At the Met, the Art Moves
The Metropolitan Museum of Art has presented art of virtually every type, from ancient Mesopotamian figures to guitars made in Brooklyn. Now, for the first time, the museum's concert series will host a site-specific dance performance within the sculpture-filled Engelhard Court. While performances have taken place in galleries before, choreographer Shen Wei is the first to design a work for a specific hall.
Lined with windows and dotted with work by artists such as Augustus Saint-Gaudens and Hiram Powers, the Engelhard Court was the choreographer's choice for "Still Moving" because the stationary figures enhance the contrast between stillness and movement. "As soon as you walk in, you see the beautiful classical and renaissance sculpture," said the choreographer, adding that the museum setting draws a different type of attention from the viewer. "Sometimes theater can be entertainment. But in a museum, we walk in, and we open our minds to absorb the work."
"Still Moving," which will be staged on June 6 and June 13, functions in some ways as an art installation: Almost 20 dancers are positioned all over the court like sculptures, then peel off, giving way to two dancers who cover themselves in body paint. "You cannot get too crazy because you don't want to damage any artworks," Mr. Shen said.
A spokeswoman for the museum, Elyse Topalian, noted that the Met was receptive to the choreographer's plan for a performance that would relate to the works of art—despite the dancers' proximity to the sculptures. "In general, the museum likes to explore different venues in the building, such as the Temple of Dendur in the Sackler Wing for performances," she said. "So we're delighted that the Shen Wei performance will be presented in the American Wing."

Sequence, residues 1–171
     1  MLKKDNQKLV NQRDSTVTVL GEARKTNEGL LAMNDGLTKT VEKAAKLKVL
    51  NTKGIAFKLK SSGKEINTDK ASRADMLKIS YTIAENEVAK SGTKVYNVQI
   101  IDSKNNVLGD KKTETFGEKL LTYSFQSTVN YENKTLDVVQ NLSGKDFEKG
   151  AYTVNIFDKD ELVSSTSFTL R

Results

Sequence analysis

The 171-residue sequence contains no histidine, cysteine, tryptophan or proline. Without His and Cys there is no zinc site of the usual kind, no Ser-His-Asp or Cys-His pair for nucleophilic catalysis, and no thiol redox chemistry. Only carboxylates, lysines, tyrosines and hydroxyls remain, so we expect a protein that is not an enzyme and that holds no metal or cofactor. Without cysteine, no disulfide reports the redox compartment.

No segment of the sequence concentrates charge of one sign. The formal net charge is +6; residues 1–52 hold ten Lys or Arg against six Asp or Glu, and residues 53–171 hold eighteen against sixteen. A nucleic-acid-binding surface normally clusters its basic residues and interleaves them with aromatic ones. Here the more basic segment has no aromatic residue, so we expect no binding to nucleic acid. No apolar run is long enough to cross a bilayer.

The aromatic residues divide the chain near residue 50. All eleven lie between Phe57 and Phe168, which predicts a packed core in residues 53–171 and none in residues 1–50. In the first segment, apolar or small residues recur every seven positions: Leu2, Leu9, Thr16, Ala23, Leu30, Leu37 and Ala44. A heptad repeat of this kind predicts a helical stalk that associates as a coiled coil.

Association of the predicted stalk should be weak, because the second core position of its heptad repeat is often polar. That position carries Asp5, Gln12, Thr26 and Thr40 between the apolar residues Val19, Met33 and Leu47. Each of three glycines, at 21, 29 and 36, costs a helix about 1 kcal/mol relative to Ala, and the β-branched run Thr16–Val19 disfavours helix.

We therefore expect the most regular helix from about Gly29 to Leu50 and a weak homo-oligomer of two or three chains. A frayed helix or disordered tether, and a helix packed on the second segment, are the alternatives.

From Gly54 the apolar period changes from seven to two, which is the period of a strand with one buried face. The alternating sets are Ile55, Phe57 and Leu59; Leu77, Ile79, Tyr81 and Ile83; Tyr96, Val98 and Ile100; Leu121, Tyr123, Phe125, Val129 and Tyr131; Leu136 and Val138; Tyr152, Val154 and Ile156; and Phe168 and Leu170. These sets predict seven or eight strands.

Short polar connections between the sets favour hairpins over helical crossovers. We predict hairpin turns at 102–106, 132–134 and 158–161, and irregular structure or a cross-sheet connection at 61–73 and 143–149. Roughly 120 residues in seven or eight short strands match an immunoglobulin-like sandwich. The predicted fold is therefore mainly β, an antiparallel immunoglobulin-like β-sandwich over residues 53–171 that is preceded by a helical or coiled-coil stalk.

Mr. Shen was born in China, where he studied Chinese opera, before moving to New York in 1995. He has since became known for inventive, interdisciplinary work, and rose to global prominence in 2008 when he choreographed the opening ceremonies of the Summer Olympics in Beijing. His Manhattan-based company, Shen Wei Dance Arts, melds elements of contemporary dance, Chinese opera, visual arts and movement based on his own technique, which requires extreme attention to breath, weight and gravity.
"I deal with a lot of internal energy, and how internal energy affects our body," he said. "The dancers have to be super sensitive about their bodies."
Often the method results in extremely slow movements. The first portion of "Still Moving," for example (a restaging of his previous work, "Near the Terrace") conjures the illusion of dancers as still sculptures who pop to life at random moments as music—Arvo Part's "Fur Alina" and "Spiegel Im Spiegel"—is performed.
In this dreamlike work, several female dancers are bare-chested and wear floor-length skirts resembling blankets tied around the waist. The second portion is a duet (with paint), set to a commissioned score by Daniel Burke. The third portion picks up the pace and features rubberized body stockings designed by Mr. Shen and fashion designer Austin Scarlett.
"It's about highlighting the body," Mr. Scarlett said. "In a way, they are naked. The imagery is that they should be like living sculptures."
Apart from the imperiled sculptures, Mr. Shen noted that the unusual setting presented quite a few choreographical challenges. For the faster-paced third portion, for instance, the museum's hard flooring was a concern. "I cannot do too much big movement or too fast because the floor is marble—not like a stage floor or a wooden floor," he said. And though he could visit Engelhard Court during regular museum hours, rehearsal time there was extremely limited: "You can't just close a part of the gallery from the public," said the choreographer, who started the work in the studio, then made major adjustments. "When we got here, I changed a lot. It's a new creation inside the museum."